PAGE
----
//Select a radio button
			var direction = form.direction[i];
			
			//Check if the radio button is checked
			if(direction.checked)
			{
				alert("You selected " + direction.value);
			}
		}
		
		return false;
	}
}

What is important is that the name-tag is the same for all radio buttons that are considered to be part of the same group. This way the document-object will generate array properties in the form-objects for the radio buttons. As we loop through that array we can check if the radio button checked-property is true. If it is, we found the checked radio button.

JavaScript: Basic form validation

This is a follow-up article to a previous article about basic DOM manipulation with JavaScript which you might want to read if you’re new to JavaScript.

The simplest way to get the element from the document object using the getByElementId() method and then checking the value property of the element:

var name = document.getElementById("Name");

This finds the element with the ID Name and put it in the variable name. We can now use the element to validate it. The following code is an example of how to check that the name isn’t empty and that the age is numeric and above 0. If there is an error it wil return false and color the background of the faulty input box red:

index.htm

<!DOCUMENT html>
<html>
	<head>
		<title>Javascript DOM manipulation Example</title>
		<script type="text/javascript" src="demo.js"></script>
	</head>
	<body>
		<h1>Javascript form validation test!</h1>
		<form id="MyForm" onsubmit="return validateForm()">
			<p>Name: <input type="text" id="Name" /></p>
			<p>Age: <input type="text" id="Age" /></p>
			<p><input type="submit" id="Submit" value="Submit"/></p>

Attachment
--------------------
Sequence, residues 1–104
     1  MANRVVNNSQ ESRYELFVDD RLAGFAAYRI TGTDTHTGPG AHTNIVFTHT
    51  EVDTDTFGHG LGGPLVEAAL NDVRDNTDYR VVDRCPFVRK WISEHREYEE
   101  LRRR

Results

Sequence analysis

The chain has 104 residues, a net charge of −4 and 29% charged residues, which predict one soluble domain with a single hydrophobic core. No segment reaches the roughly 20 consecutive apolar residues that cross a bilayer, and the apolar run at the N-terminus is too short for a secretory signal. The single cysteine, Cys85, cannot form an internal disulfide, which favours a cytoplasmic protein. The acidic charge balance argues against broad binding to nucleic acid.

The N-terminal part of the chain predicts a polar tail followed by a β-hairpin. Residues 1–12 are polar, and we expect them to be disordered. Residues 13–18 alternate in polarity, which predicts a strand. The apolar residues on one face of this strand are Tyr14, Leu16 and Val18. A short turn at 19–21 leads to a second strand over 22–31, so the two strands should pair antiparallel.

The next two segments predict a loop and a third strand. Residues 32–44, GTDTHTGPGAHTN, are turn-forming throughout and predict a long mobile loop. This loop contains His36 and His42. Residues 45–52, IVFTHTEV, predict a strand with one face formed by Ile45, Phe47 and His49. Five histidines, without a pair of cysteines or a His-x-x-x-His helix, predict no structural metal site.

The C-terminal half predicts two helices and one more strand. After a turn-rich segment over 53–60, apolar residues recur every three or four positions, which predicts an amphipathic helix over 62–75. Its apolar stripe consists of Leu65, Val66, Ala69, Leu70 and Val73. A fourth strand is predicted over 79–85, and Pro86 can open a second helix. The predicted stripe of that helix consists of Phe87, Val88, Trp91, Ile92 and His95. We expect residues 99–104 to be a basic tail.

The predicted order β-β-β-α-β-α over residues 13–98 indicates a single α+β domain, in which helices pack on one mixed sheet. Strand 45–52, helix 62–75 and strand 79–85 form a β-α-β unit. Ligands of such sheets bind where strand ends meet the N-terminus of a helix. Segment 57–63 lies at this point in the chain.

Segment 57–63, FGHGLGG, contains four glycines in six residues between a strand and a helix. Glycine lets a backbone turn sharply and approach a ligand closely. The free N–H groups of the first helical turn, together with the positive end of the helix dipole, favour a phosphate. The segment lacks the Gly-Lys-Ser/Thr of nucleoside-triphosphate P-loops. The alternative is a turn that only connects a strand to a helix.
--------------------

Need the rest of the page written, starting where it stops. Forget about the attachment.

</form>
	</body>
</html>

demo.js

function validateName(name)
{
	if(name == "" || name == null || name === "undefined")
	{
		return false;
	}
	
	//Name must be more than one letter
	if(name.length <= 1)
	{
		return false;
	}
	
	return true;
}

function validateAge(age)
{
	if(age == "" || age == null || age === "undefined")
	{
		return false;
	}
	
	if(isNaN(age))
	{
		return false;
	}
	
	if(parseInt(age) <= 0)
	{
		return false;
	}
	
	return true;
}

function validateForm()
{
	//Check name
	var name = document.getElementById("Name");
	var isNameOk = validateName(name.value);
	console.log(name);
	
	if(isNameOk)
	{
		name.style.background = "#FFFFFF";
	}
	else
	{
		name.style.background = "#FF0000";
	}
	
	//Check age
	var age = document.getElementById("Age");
	var isAgeOk = validateAge(age.value);
	
	if(isAgeOk)
	{
		age.style.background = "#FFFFFF";
	}
	else
	{
		age.style.background = "#FF0000";
	}

	return isNameOk && isAgeOk;				
}

We hook up to the onsubmit event on the form element in HTML and we return the value we get from the validation method validateForm. If we return false the form won’t submit and that’s why we alter the form and color it, so that the user can identify where the errors are. This can be made even better by adding text or something but in this demo we’ll keep it simple.

Try a demo here if you want!